Abbreviations

cDNA: 

Complementary DNA

CDS: 

Coding sequence

ENST: 

Ensembl identifier

GENCODE(V1-24): 

GENCODE(Version1-24)

Havana: 

Human and Vertebrate Analysis and Annotation

HGNC: 

The HUGO Gene Nomenclature Committee

HUGO: 

Human Genome Organization

lncRNA: 

Long noncoding RNA

NCBI: 

National Center for Biotechnology Information

UNIPROT: 

Universal Protein Resource

UTR: 

Untranslated region

Declarations

Acknowledgements

The authors also acknowledge constructive criticism and editorial help from Remya Koshy and Ambily Sivadas which significantly improved the readability and perspective of the article.

Funding

The authors acknowledge funding from CSIR India through Grant BSC0123 (GENCODE-C).

Availability of data and materials

All data generated or analyzed during this study are included in this published article (and its supplementary information files).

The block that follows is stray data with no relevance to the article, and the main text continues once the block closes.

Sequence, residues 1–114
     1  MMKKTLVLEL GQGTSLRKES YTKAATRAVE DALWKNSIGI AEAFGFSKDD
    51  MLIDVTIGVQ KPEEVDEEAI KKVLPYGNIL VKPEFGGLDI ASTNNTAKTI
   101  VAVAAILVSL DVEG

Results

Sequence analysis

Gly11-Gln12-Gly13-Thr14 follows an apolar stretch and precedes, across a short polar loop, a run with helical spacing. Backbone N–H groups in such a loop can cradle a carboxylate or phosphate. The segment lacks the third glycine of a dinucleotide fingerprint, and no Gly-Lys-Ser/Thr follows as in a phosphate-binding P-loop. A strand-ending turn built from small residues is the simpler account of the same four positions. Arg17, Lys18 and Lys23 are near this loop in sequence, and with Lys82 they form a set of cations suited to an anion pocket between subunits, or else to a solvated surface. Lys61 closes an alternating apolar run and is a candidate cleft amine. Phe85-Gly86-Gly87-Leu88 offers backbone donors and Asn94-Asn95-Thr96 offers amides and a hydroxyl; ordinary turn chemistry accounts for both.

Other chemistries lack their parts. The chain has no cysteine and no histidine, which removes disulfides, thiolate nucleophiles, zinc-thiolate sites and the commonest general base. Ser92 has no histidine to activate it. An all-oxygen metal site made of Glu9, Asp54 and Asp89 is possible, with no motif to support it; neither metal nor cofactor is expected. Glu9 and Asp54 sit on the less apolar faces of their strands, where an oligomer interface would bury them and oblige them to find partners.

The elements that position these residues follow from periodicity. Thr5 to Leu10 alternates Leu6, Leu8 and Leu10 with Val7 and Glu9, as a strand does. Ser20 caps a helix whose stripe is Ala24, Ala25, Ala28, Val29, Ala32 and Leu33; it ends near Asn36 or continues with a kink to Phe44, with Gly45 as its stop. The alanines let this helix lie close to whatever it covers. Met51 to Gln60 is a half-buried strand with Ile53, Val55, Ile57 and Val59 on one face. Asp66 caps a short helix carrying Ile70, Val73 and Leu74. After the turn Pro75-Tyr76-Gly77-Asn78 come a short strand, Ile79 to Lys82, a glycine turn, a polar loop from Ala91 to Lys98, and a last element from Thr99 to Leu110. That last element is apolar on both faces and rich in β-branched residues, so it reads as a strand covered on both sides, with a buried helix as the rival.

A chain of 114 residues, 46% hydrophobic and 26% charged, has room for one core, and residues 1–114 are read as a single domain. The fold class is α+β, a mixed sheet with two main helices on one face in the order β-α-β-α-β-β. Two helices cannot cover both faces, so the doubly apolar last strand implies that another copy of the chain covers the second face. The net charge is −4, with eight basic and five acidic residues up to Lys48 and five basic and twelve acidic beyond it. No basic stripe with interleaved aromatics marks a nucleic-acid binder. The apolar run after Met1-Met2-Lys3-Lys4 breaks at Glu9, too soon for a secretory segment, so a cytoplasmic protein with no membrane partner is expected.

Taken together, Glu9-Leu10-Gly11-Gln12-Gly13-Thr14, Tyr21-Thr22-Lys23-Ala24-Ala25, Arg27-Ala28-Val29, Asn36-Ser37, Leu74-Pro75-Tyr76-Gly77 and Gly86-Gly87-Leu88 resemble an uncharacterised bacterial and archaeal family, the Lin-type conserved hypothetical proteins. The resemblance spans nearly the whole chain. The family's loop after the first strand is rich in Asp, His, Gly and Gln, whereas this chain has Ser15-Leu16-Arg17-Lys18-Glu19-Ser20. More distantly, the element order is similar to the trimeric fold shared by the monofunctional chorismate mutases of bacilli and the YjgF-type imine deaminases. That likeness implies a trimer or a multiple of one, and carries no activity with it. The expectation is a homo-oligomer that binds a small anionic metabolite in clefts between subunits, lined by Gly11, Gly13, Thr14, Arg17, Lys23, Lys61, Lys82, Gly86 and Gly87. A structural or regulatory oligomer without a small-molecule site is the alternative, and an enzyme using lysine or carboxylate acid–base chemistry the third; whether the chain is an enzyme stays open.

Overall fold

Authors’ contributions

VS conceptualized the analysis. Data analysis was performed by SJ and SG. SJ and SG prepared the data summaries and visualization. SJ, SG, and VS wrote the manuscript. All authors reviewed the manuscript. All authors read and approved the final manuscript.

Competing interests

The authors declare that they have no competing interests.

Consent for publication

Not applicable.

Ethics approval and consent to participate

Not applicable.

Open AccessThis article is distributed under the terms of the Creative Commons Attribution 4.0 International License (http://creativecommons.org/licenses/by/4.0/), which permits unrestricted use, distribution, and reproduction in any medium, provided you give appropriate credit to the original author(s) and the source, provide a link to the Creative Commons license, and indicate if changes were made. The Creative Commons Public Domain Dedication waiver (http://creativecommons.org/publicdomain/zero/1.0/) applies to the data made available in this article, unless otherwise stated.

Authors’ Affiliations

(1)
GN Ramachandran Knowledge Center for Genome Informatics, CSIR Institute of Genomics and Integrative Biology (CSIR-IGIB)
(2)
Academy of Scientific and Innovative Research (AcSIR), CSIR-IGIB South Campus

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Copyright

© The Author(s). 2016